Feasibility of Reduced Clinical Monitoring in Patients with Inflammatory Bowel Disease Treated with Thiopurine Therapy

Fenna M. Jansen*, Lisa J. T. Smits, Pepijn W. A. Thomas, Dirk J. de Jong, Joany E. Kreijne, Willemijn A. van Dop, Nathan den Broeder, Frank Hoentjen

*Corresponding author for this work

Research output: Contribution to journalArticleAcademicpeer-review


Background: Outpatient visits and laboratory assessments are routinely scheduled every 3 to 4 months in thiopurine-treated patients with inflammatory bowel disease (IBD) to timely detect thiopurine-related adverse events (AEs). AEs that require therapy adjustment beyond 12 months of treatment are rare. Aim and Methods: This single-center prospective cohort study evaluated the safety of a reduced 6-monthly monitoring strategy in steroid-free patients with quiescent IBD on stable dose of azathioprine, mercaptopurine, or thioguanine monotherapy. The primary outcome was thiopurine-related AEs requiring therapy adjustments during a follow-up period of 24 months. Secondary outcomes included all AEs including laboratory toxicity, disease flares until 12 months, and the net monetary benefit from this strategy concerning IBD-related health care use. Results: We enrolled 85 patients with IBD (median age 42 years, 61% Crohn’s disease, 62% female), with a median disease duration of 12.5 years and median thiopurine treatment duration of 6.7 years. During follow-up, 3 patients (4%) ceased thiopurines due to AEs: recurrent infections, non-melanoma skin cancer, and gastrointestinal complaints (nausea, vomiting). At 12 months, 25 laboratory toxicities were observed (including 13% myelotoxicity, 17% hepatotoxicity); none required therapy adjustments and all were transient. A reduced monitoring strategy had a net benefit of €136 per patient. Conclusion: Three patients (4%) ceased thiopurine therapy due to thiopurine-related AEs, while no laboratory toxicity required therapy adjustments. Monitoring frequency of every 6 months seems feasible in patients with stable IBD on long-term (median duration > 6 years) maintenance thiopurine therapy and may contribute to reduced patient-burden and health care costs.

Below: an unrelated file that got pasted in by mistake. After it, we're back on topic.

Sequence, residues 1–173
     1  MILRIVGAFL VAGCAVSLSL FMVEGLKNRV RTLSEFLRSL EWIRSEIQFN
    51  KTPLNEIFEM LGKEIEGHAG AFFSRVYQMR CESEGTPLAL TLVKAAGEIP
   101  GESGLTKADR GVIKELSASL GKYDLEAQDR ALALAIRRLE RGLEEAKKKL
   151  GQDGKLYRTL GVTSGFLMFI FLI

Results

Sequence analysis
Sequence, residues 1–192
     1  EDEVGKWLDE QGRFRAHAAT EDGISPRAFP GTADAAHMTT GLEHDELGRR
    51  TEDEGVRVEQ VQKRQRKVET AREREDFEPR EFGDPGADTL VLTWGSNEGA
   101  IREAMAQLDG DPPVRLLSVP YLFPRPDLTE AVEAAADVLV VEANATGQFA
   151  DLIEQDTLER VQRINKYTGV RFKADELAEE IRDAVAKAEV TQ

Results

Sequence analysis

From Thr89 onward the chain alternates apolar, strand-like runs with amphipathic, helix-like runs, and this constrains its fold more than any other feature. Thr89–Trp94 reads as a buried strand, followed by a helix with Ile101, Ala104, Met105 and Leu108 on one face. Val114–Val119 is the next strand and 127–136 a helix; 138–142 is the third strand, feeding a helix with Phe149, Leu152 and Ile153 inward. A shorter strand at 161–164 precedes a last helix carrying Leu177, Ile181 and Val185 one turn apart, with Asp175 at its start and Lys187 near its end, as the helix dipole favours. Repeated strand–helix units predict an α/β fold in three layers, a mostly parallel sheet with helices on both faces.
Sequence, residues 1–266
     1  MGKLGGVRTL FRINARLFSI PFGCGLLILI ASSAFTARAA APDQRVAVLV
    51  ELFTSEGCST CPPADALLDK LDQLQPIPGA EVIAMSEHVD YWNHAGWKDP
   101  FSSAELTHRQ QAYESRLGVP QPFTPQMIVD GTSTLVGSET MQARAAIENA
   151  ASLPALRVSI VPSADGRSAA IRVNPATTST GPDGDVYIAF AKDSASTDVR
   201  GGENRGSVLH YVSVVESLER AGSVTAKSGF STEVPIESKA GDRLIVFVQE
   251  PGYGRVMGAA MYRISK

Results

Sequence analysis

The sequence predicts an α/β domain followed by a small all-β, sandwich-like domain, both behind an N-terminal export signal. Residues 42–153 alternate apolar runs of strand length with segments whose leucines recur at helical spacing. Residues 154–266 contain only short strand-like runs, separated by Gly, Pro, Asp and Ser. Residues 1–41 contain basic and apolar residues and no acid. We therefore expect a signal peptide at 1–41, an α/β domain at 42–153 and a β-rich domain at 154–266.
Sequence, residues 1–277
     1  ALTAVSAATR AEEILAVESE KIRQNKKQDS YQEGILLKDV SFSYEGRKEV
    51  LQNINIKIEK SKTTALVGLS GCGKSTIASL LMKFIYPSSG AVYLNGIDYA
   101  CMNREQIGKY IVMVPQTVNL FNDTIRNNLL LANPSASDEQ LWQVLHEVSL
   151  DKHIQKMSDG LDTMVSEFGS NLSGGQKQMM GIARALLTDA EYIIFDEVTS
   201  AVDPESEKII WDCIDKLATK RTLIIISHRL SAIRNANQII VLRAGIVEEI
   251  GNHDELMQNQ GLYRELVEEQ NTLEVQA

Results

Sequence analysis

Original languageEnglish
JournalDigestive Diseases and Sciences
Early online date2023
Publication statusE-pub ahead of print - 2023

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